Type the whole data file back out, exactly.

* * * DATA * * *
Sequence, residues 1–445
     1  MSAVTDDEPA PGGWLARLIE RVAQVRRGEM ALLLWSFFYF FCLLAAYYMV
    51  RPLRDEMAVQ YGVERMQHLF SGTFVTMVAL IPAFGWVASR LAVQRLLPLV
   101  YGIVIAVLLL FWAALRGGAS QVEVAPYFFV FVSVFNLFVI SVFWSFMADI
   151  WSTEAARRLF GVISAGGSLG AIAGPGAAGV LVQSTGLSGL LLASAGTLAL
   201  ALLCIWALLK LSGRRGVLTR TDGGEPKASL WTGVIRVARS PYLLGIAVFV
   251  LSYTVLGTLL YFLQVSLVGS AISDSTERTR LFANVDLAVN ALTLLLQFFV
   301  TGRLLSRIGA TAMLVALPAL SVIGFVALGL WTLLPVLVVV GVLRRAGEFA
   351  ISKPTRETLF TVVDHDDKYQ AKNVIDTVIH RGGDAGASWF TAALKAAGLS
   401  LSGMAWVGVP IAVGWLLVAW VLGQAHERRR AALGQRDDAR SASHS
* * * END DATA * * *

Sequence, residues 1–445
     1  MSAVTDDEPA PGGWLARLIE RVAQVRRGEM ALLLWSFFYF FCLLAAYYMV
    51  RPLRDEMAVQ YGVERMQHLF SGTFVTMVAL IPAFGWVASR LAVQRLLPLV
   101  YGIVIAVLLL FWAALRGGAS QVEVAPYFFV FVSVFNLFVI SVFWSFMADI
   151  WSTEAARRLF GVISAGGSLG AIAGPGAAGV LVQSTGLSGL LLASAGTLAL
   201  ALLCIWALLK LSGRRGVLTR TDGGEPKASL WTGVIRVARS PYLLGIAVFV
   251  LSYTVLGTLL YFLQVSLVGS AISDSTERTR LFANVDLAVN ALTLLLQFFV
   301  TGRLLSRIGA TAMLVALPAL SVIGFVALGL WTLLPVLVVV GVLRRAGEFA
   351  ISKPTRETLF TVVDHDDKYQ AKNVIDTVIH RGGDAGASWF TAALKAAGLS
   401  LSGMAWVGVP IAVGWLLVAW VLGQAHERRR AALGQRDDAR SASHS